0
\$\begingroup\$

enter image description hereenter image description here

In the following circuit Ic must be found.

I begun by open-circuiting the 3 capacitors, and finding the voltage at the base which is 2.5V (from the voltage divider). By assuming that Vbe=0.7V it's easy to progress, however no such thing is stated (the only data given is that β is very large), so i was wondering if there is a way to find Ic without that assumption.

If we do assume that Vbe=0.7V, then when is the Ic=Is*e(Vbe/Vt) formula used?

\$\endgroup\$
  • \$\begingroup\$ "however no such thing is stated" - what do you mean? \$\endgroup\$ – Andy aka Jun 3 '18 at 18:46
  • \$\begingroup\$ The data given for the exercise dont include that info. \$\endgroup\$ – Manouil Jun 3 '18 at 18:50
  • \$\begingroup\$ It might be clearer if you provided the full detail of the exercise rather than feeding snippets. \$\endgroup\$ – Andy aka Jun 3 '18 at 18:51
  • 2
    \$\begingroup\$ Read this electronics.stackexchange.com/questions/337010/… \$\endgroup\$ – G36 Jun 3 '18 at 19:01
  • 1
    \$\begingroup\$ Yes - assuming Ib=0 you can use the simple voltage divider formula. Hence, the voltage at the base node is simply 2.5 volts. As shown in my detailed answer, such a simplification is allowed only because of the negative feedback effect of RE. Such negative feedback always reduces the sensitivity of gain stages against simplifications (in your case: Ib=0 and Vbe=0,7V). Because of these simplifications you do not need the exponential relationship between Ic and Vbe which would require the knowledge of the exact VBE value, \$\endgroup\$ – LvW Jun 4 '18 at 6:54
3
\$\begingroup\$

In the enclosed figure (first diagram) it is shown how an emitter resistor RE stabilizes the operating point against uncertainties of VBE. Hence, it is common practice to assume for VBE a suitable value between 0.6 and 0.7 volts because such a relatively large VBE uncertainty results only in small Ic variations (for sufficient RE-feedback).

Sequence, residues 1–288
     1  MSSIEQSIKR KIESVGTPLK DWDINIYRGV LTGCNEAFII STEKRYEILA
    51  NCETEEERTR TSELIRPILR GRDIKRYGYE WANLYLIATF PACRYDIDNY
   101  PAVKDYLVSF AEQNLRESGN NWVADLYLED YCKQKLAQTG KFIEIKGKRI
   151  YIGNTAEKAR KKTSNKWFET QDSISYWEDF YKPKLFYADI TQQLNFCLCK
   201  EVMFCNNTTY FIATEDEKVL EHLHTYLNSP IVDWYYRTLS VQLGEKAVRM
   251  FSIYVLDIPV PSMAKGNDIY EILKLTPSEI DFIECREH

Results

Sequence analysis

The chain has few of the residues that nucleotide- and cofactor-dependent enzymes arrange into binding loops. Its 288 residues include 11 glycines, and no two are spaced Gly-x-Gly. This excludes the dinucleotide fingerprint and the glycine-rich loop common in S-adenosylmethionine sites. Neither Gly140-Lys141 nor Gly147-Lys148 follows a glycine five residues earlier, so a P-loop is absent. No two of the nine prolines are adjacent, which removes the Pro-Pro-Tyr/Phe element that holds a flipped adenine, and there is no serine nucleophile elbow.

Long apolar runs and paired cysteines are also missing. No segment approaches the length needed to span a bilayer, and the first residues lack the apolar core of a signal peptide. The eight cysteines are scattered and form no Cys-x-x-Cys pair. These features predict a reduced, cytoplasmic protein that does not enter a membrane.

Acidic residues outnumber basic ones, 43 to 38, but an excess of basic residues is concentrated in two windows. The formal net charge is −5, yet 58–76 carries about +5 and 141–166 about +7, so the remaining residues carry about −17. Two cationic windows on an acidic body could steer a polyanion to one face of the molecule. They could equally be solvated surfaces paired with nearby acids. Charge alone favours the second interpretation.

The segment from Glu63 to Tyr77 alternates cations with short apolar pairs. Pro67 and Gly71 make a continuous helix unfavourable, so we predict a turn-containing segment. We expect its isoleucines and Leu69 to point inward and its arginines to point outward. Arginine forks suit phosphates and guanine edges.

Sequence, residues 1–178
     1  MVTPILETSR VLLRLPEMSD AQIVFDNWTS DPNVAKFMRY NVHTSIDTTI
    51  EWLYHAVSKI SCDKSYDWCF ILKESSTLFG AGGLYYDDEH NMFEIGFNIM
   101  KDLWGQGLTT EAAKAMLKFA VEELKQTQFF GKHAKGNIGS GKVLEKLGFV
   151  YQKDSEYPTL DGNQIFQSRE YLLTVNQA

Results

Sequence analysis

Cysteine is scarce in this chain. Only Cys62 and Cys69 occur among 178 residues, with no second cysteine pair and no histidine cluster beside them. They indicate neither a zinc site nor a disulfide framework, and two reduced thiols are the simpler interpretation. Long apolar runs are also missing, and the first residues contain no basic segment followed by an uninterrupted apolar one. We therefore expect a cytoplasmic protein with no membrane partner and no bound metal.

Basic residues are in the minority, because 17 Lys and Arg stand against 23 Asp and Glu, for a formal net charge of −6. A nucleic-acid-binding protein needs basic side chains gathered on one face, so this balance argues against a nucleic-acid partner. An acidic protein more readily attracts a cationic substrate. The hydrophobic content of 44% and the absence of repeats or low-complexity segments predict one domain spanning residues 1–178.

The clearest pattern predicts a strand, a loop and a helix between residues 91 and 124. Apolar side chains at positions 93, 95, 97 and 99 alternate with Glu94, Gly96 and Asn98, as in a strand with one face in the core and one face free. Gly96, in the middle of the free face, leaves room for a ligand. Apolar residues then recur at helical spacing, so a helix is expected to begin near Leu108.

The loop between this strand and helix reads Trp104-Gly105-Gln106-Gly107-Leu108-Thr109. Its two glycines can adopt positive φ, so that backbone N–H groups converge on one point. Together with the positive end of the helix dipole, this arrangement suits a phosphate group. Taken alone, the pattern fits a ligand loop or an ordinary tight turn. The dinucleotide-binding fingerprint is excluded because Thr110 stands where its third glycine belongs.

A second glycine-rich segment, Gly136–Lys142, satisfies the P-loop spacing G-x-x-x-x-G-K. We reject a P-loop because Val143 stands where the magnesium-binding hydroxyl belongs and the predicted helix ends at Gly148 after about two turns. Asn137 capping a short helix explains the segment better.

The dotted line (vertical) shows how RE=0 (no feedback) would result in an unacceptable large Ic variation (uncerainty).

enter image description here

\$\endgroup\$
2
\$\begingroup\$

By assuming that Vbe=0.7V it's easy to progress, however no such thing is stated (the only data given is that β is very large), so i was wondering if there is a way to find Ic without that assumption.

Sure. Let's solve it for the general case, assuming active mode operation and ignoring the Early effect:

schematic

simulate this circuit – Schematic created using CircuitLab

From KVL, you have:

$$V_\text{TH}-I_\text{B}\:R_\text{TH}-V_\text{BE}-I_\text{E}\:R_\text{E}=0\:\text{V}$$

Where, of course, \$R_\text{TH}=\frac{R_1\:R_2}{R_1+R_2}\$ and \$V_\text{TH}=V_\text{CC}\:\frac{R_2}{R_1+R_2}\$.

From \$I_\text{E}=\left(\beta+1\right)\:I_\text{B}\$, you can substitute in and solve for \$I_\text{B}\$:

$$I_\text{B}=\frac{V_\text{TH}-V_\text{BE}}{R_\text{TH}+\left(\beta+1\right)\:R_\text{E}}$$

Now substitute from your nice formula and solve for \$V_\text{BE}\$: